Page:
However, Inform 7 does seem to allow you to have two distinct files with the same name:

The binary File of Binary Data is called "file". 
The File of Text Data is called "file". 

I haven’t tested this, but Zoom should be able to read and write to separate files (file.glkdata and file.txt) where Gargoyle couldn’t.

If so, Gargoyle’s implementation is broken for Inform. What I don’t know is whether it is legal for Glk. The spec has this comment in it:

But this strikes me as descriptive rather than prescriptive - advising authors of what might happen rather than dictating parameters for the implementation. If not, and extensions are required on platforms that support extensions, those extensions should be specified.

EDIT: Oops, missed zarf’s response.

Great, now I can’t find the right configuration to reproduce the bug anymore. Consider this issue solved until I find the problem again :confused:

The Mac IDE interpreter is a modified version of Zoom. I can get this to run in the IDE as well, but the result is the same: none of the graphics show up. They are in the filepath, and they are packaged into the blorb if I build one, but they are never drawn. The text version doesn’t print either–the output is exactly the same as I described above.

The output is the same for both Zoom and Gargoyle, including the two lines between each section.

–Erik

I appreciate that you find the time for some test-runs. Looks like I’ll have to try a step-by-step analysis.

Does this example create the following output?

Copied and pasted out of Gargoyle/git:

[code]Reading the file: File of Cyberspace Layout

[[

.

]]
Starting the loop
Current letter:

Read: line break followed by next line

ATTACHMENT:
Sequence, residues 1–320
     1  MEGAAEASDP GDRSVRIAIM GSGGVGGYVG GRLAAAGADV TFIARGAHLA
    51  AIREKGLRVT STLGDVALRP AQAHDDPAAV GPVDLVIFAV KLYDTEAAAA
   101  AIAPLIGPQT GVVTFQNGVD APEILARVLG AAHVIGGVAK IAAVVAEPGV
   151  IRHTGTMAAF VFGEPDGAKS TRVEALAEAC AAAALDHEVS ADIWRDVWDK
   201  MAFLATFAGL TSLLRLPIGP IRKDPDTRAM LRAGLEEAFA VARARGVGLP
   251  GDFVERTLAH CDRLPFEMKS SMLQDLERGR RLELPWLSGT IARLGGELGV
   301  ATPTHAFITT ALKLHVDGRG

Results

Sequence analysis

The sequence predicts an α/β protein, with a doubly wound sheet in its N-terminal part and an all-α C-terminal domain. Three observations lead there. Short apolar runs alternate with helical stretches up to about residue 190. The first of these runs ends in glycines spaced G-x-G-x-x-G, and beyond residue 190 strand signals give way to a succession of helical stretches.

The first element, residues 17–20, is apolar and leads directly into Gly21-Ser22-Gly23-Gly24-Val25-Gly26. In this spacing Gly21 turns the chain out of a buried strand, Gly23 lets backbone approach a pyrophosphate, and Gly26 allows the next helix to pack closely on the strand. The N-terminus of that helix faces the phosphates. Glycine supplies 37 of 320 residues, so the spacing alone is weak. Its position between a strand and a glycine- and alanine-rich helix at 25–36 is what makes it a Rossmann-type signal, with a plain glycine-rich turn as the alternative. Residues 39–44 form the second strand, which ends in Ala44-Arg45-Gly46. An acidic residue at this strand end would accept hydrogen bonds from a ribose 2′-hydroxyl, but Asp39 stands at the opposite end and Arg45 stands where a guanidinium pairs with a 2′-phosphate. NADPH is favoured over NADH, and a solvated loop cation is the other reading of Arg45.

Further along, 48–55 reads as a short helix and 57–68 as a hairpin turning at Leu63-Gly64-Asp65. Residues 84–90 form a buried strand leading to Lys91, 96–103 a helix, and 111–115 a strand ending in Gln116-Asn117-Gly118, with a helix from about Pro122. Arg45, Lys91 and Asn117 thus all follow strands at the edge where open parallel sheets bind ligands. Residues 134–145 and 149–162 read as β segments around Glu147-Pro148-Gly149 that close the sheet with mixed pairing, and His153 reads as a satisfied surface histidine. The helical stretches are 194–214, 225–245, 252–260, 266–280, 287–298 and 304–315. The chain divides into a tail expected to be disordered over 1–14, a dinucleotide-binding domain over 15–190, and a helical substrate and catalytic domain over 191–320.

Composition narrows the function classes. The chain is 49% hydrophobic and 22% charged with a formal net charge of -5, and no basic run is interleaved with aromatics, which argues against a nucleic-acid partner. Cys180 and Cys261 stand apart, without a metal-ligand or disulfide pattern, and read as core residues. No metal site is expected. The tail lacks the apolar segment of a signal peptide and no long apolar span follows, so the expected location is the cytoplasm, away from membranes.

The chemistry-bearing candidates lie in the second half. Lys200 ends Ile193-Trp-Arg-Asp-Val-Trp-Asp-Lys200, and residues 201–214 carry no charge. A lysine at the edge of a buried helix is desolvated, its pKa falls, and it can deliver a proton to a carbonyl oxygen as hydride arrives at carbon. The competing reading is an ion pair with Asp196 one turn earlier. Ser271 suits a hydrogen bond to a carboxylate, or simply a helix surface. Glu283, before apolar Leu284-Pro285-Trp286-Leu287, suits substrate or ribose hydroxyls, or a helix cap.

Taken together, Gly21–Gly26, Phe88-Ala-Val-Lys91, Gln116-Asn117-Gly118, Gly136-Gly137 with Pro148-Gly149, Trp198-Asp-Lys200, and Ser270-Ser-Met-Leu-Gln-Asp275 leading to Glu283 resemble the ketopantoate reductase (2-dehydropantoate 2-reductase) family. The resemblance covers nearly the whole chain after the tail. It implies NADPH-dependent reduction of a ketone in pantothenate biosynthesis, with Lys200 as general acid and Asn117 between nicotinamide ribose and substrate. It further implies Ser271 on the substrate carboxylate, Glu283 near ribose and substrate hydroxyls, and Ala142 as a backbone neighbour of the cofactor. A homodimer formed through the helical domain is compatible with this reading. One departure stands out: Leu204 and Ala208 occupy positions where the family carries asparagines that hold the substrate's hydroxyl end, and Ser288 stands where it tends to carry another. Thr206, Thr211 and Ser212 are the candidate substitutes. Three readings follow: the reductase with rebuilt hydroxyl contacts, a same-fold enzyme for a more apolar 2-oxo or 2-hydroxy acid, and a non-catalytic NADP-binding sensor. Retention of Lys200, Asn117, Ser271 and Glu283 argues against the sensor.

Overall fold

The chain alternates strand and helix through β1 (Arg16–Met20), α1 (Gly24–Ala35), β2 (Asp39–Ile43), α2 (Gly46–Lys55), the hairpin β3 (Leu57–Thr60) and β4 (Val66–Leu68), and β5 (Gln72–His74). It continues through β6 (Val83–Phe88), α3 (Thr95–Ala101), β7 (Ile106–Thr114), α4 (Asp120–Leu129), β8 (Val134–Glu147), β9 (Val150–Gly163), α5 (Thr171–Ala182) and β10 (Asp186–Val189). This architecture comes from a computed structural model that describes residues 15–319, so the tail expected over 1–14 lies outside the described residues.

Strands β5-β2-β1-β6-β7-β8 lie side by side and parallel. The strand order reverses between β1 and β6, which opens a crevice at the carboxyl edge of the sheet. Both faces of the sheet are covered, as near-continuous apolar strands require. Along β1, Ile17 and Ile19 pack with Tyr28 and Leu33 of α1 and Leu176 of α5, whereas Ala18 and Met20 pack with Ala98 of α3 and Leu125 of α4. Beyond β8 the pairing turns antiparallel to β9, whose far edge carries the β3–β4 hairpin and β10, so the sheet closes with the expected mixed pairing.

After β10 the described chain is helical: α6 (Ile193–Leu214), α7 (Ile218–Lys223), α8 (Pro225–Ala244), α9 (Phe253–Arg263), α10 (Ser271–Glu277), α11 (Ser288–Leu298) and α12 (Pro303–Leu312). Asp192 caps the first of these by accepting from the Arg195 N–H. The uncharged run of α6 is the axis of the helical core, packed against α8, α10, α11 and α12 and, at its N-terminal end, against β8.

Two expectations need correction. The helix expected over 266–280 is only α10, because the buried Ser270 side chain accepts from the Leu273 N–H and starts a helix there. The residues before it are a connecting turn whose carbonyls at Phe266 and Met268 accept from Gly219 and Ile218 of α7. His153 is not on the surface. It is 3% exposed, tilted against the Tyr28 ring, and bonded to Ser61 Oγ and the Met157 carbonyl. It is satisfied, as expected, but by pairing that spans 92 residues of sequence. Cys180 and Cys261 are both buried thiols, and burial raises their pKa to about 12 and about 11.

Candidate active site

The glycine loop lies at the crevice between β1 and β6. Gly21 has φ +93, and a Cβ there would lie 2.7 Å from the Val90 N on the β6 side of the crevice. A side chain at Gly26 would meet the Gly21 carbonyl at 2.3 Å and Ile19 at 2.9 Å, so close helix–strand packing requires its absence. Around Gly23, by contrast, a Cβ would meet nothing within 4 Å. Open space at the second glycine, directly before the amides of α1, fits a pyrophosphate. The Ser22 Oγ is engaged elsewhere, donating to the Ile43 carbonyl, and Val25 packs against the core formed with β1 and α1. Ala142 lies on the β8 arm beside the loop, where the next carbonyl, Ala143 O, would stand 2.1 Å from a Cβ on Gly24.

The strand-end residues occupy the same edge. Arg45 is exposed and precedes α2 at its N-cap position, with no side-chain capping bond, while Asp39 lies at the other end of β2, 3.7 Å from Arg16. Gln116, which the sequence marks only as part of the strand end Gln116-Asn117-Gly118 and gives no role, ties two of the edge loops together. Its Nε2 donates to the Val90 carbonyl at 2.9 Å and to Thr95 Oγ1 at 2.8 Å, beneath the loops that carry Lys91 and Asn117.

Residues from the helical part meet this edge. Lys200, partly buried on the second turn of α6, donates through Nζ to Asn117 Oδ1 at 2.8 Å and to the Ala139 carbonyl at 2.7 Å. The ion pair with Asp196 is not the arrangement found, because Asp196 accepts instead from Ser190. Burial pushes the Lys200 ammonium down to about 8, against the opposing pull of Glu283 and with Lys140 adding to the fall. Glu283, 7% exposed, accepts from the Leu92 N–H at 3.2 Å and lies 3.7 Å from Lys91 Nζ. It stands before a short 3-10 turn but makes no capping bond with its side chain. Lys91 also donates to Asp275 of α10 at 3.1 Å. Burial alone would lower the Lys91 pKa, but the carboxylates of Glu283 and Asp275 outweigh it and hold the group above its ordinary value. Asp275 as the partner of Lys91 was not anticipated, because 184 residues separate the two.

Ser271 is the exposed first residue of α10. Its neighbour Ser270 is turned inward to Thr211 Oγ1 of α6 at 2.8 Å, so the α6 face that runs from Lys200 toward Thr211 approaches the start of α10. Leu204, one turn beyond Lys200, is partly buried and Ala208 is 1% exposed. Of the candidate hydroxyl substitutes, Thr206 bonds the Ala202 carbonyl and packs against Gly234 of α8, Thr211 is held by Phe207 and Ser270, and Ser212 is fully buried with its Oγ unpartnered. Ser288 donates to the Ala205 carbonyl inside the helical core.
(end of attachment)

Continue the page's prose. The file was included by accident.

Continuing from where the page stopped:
New current letter:

Current letter: .
New current letter: .
Current letter:

Read: line break followed by next line

Loop done
Map layout: 0/3/1

g_t_border[/code]

–Erik

Thanks!

Hm, crud, looks like the problem comes from those extra line breaks between the period and brackets that are added for no apparent reason. Can’t think of any easy solution for that, other than offering two separate R&D releases which take this into account :neutral_face:

Could you post-process the data to ignore or eliminate line breaks? The file seems to use brackets as the primary semantic marker for sections, so that maybe the line breaks are redundant anyway?

That should work, yeah. Especially now that I found out that you can use ‘next’ and ‘break’ in a while loop. The algorithm just needs to get redone first. I’ll get down to it tonight.

I think I fixed it now. New example here. Should work for every platform (or abort the loop beforehand if it doesn’t). Word of warning though, at least to Windows 7 users: turns out that, if you open a gblorb over ‘Open with’ for either Glulx or Git, it will not call for the current file but some buffered data instead, apparently. In my case, it calls for the old file which prints “First, second,…” etc. although that file is long gone. :neutral_face:

@Erik
You were right that again something seems off with the resizing factor. Probably has something to do with the new full-map parameters. Will try to work on that.

This one works! I suspect the problem was line endings in the text editor you used to create the import file…

That’s good to hear!

Windows 7 and Mac OS not playing nice with each other? Who would have thunk it, right? :smiley:
Glad that this is out of the way though.

I’ve got just one more general question: It recently came to my attention that arrays will probably get included in a later Inform 7 release. Would it be a good idea to switch over to those instead of lists? (For faster performance or other advantages)

Uhm, another question just popped up. There seems to be a limit to the amount of text an indexed text can actually store. I just tried to create a very large map in a text file, but the indexed text will only store about half of it. Would there be a possibility to extend this limit somehow?

There shouldn’t be a limit, but you might be running into Inform Bug 587. What happens if you apply the fix in the bug report’s comments to IndexedText.i6t, which is in your Inform install? (While you’re at it, you might as well apply the fix for Bug 593 too.)